Aiding Teacher Candidates’ Understanding of Learner Variability
Rachel Besharat Mann will share her experience in translating learning sciences into practice using the Digital Promise Learner Variability Navigator tool during the webinar co-hosted by AACTE, “Learning Sciences Research for the Classroom” on September 26, 2:00 – 3:00 p.m. Below, Mann offers a preview about her experience using the web app for whole child learning.
You can read all of the teaching books and take all of the courses but being in the classroom is a completely different experience. You are working with individual people with varied backgrounds and needs and their behaviors; strengths, and needs can change based on a variety of factors outside of a teacher’s control. There is no roadmap to tell you how students learn differently or even if they are learning at all. This is a lesson I’ve learned the hard way over the years and have vowed to help my higher education students avoid the same pitfalls in K-12 classrooms that I did.
Throughout my early career in K-12 settings, I tried a variety of tactics to meet all of the learning needs of my students. While teaching, I decided to go back to school to delve more deeply into the psychology of learning to understand these processes more deeply, not realizing this work would take me out of the classroom altogether. Moving to higher education, first in a teacher prep graduate program and later to an interdisciplinary education studies undergraduate setting, I explored the processes of learning and teaching through new lenses and discovered the Learner Variability Project and the Learner Variability Navigator (LVN).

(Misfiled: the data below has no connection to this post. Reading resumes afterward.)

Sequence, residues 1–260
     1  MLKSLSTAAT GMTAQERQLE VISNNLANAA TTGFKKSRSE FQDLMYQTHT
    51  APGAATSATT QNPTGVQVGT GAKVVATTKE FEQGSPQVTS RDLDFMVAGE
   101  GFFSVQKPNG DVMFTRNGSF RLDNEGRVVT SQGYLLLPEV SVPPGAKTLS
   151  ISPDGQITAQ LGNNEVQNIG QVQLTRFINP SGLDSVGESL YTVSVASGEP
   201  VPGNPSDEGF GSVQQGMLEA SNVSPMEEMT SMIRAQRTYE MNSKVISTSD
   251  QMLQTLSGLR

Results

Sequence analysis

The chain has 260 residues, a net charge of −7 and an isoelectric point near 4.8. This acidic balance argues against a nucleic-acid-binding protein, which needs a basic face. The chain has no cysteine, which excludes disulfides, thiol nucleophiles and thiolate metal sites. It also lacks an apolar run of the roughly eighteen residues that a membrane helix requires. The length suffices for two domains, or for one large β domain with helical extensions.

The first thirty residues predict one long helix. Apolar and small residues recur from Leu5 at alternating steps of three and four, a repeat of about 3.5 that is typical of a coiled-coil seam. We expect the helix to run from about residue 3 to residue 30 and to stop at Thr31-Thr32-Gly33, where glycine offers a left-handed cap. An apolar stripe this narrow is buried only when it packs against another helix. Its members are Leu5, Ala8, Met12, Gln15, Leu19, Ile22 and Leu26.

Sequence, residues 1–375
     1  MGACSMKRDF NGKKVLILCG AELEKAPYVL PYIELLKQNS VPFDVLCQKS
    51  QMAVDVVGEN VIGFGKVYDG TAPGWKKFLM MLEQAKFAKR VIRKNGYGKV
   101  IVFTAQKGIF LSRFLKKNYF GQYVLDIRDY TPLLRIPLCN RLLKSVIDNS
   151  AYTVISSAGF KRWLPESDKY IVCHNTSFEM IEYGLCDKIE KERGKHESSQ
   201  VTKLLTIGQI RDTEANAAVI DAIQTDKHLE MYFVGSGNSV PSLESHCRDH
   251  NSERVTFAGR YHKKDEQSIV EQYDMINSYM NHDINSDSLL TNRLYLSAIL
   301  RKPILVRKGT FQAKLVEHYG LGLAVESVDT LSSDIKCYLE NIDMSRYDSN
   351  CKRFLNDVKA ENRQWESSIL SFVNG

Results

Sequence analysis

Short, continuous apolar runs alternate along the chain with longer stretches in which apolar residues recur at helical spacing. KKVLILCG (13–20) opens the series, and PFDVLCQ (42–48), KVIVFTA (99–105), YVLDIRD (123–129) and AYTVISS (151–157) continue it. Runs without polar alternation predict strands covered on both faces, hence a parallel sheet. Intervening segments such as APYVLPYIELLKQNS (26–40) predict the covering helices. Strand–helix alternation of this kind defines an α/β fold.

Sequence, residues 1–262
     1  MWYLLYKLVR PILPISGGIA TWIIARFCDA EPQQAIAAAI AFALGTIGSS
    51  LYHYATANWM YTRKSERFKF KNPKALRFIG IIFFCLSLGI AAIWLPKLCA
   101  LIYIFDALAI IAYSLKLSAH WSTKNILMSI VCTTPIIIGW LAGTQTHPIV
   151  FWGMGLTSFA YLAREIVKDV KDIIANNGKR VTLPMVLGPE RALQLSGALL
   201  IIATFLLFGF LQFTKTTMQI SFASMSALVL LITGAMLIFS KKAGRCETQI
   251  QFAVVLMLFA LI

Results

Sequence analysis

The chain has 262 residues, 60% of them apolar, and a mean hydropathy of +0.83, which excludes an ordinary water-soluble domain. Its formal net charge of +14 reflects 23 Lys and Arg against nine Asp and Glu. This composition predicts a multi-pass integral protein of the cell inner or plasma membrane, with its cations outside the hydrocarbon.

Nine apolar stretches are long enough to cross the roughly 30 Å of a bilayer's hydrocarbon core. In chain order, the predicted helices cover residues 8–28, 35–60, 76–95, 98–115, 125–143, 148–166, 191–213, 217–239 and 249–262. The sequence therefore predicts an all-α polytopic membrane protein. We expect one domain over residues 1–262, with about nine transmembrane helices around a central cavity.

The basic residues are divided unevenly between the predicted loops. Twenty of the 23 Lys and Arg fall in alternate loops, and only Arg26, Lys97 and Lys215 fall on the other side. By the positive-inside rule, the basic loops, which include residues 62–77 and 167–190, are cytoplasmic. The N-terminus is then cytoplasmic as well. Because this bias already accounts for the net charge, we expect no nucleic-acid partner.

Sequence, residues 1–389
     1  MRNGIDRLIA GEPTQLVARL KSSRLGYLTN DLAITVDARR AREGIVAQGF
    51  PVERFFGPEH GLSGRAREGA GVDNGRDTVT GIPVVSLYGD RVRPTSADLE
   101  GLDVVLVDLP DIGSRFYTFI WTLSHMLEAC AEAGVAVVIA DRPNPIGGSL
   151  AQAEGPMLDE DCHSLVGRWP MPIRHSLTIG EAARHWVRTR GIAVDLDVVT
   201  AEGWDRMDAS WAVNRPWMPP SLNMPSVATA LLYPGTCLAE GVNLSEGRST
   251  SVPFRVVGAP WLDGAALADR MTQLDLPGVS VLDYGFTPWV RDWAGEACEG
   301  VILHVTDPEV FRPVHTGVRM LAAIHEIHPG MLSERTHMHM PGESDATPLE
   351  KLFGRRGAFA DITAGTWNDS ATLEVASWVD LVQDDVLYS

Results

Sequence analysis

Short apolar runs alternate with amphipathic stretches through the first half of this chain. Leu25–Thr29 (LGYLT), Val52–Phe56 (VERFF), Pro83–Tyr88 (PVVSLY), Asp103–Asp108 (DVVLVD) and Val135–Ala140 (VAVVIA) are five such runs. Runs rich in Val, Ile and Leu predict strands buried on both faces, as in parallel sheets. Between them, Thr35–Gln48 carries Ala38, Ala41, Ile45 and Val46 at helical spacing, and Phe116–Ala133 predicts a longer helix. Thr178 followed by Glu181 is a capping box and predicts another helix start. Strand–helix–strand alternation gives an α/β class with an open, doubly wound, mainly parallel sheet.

This tool helps organize the multiple factors that may affect individual learning processes along four domains: cognitive, background, social-emotional, and overarching academic skills (ex. decoding for early literacy). LVN uses empirical research in every facet of development, providing a trustworthy resource for teachers that is incredibly user friendly. You can see each individual factor and find out how this factor is connected to learning within specific age groups and content areas. Arguably, the best part of the LVN is the strategies that are connected to each factor to help support any of the cognitive, social-emotional, and skill factors, and help mitigate any of the negative effects of the environmental or background factors — supported with strong and transparent research. Many of the strategies are things that teachers are doing every day but may not have considered the far-reaching cognitive, social, and emotional impact. The Navigator can help teachers use what they already know to deliberately enhance instruction.